Special Education Fact Sheet LEAST RESTRICTIVE ENVIRONMENT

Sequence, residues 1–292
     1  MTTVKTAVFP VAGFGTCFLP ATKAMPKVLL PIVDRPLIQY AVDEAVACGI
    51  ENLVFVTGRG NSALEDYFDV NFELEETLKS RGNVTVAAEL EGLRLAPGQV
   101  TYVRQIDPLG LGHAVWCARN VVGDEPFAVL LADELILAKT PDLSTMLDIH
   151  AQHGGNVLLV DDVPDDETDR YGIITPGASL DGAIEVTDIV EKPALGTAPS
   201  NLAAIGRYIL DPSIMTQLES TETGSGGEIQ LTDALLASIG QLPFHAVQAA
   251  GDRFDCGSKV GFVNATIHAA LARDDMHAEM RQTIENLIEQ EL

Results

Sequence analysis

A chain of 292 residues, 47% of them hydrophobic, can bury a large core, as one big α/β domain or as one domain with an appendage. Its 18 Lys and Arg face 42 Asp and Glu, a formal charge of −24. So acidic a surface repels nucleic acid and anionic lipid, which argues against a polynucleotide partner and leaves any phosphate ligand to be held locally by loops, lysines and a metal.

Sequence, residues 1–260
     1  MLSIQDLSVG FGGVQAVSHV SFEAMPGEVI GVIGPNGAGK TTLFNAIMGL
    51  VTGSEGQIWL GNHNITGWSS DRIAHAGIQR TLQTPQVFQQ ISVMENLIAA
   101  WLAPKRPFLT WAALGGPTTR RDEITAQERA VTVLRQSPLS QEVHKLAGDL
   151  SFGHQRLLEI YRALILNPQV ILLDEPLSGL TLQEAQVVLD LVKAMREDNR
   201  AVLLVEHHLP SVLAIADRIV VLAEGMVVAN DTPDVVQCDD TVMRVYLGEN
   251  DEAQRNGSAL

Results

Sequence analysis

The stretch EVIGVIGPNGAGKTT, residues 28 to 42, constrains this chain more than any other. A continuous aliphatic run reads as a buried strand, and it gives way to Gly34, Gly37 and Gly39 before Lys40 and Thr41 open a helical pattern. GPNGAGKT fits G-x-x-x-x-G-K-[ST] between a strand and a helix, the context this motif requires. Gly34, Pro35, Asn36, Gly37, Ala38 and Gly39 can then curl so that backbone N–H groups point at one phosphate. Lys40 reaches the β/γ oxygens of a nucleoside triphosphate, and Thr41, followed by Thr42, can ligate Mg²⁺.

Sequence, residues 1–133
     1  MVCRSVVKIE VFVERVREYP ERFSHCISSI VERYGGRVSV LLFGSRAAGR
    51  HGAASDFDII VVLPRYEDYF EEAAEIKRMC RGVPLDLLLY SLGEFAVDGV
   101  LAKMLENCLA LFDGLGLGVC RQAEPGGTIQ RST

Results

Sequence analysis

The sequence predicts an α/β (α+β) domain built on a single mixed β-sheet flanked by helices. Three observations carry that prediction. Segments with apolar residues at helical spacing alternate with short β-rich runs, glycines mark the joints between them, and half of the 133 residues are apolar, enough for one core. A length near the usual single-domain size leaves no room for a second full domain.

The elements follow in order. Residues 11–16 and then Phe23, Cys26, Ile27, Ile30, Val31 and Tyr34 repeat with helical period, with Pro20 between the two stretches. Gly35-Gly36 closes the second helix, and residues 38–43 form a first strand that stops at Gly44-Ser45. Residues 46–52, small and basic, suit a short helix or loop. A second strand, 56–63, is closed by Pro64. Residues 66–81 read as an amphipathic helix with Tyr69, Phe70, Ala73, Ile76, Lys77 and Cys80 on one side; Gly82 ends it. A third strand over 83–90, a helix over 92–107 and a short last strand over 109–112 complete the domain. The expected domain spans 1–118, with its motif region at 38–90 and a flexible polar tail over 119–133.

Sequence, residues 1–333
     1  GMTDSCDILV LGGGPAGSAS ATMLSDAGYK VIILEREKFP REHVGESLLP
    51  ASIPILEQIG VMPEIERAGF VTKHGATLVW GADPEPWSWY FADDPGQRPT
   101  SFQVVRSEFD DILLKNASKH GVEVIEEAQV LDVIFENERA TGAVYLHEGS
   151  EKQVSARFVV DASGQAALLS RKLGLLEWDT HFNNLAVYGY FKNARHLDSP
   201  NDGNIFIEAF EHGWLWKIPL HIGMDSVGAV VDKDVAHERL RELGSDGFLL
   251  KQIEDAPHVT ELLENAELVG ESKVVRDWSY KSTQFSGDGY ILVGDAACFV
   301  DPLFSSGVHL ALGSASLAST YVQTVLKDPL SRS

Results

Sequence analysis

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1 N Y L P I Special Education Fact Sheet LEAST RESTRICTIVE ENVIRONMENT New York Lawyers For The Public Interest, Inc. 151 West 30 th Street, 11 th Floor New York, NY Tel Fax TTD Website What is the Least Restrictive Environment requirement? Under federal and state law, children with disabilities must be educated in the Least Restrictive Environment (LRE). The Least Restrictive Environment requirement means that to the maximum extent appropriate for each child, children with disabilities must be educated with children who do not have disabilities, and children with disabilities must be educated in regular education classrooms unless the nature or severity of the disability prevents them from receiving an appropriate education in that setting, even with the use of supplementary aids and services. The requirement also includes a strong preference, though not an absolute mandate, for students with disabilities to be able to attend the schools they would have attended if they were not disabled. What does LRE mean for my child? Under the Least Restrictive Environment requirement, a child with a disability should be allowed to attend a general education class in his or her zoned school, and receive the services needed to make that placement work, unless there is proof that he or she cannot receive educational benefits in that setting. If he or she cannot receive educational benefits in that setting, he or she should be educated in a context that provides access to general education students and general education curriculum to the maximum extent appropriate to the student s individual needs. The Least Restrictive Environment is related to, but different from, the concepts of inclusion, mainstreaming, and integration. Inclusion means that primary instruction and provision of appropriate special education services are provided in (i) an age-appropriate general education class (ii) in the student s home school (iii) with appropriate additional supports for the student and the student s teacher. 1 Importantly, inclusion does not require a child with a disability to perform at the same level as his or her general education peers. By contrast, mainstreaming means that a child with a disability is educated in a general education classroom for those areas of instruction in which the child can be expected to perform at the level of nondisabled peers without needing supplementary aids and services. Integration means that children with disabilities and children without disabilities are educated together, though not necessarily in general education classrooms. 1 This definition of inclusion comes from the New York State Education Department s Least Restrictive Environment Implementation Policy Paper, which was updated in May Some people at the Department of Education may define inclusion differently, so it is important to clarify what they mean by inclusion when they are talking about options for your child. 1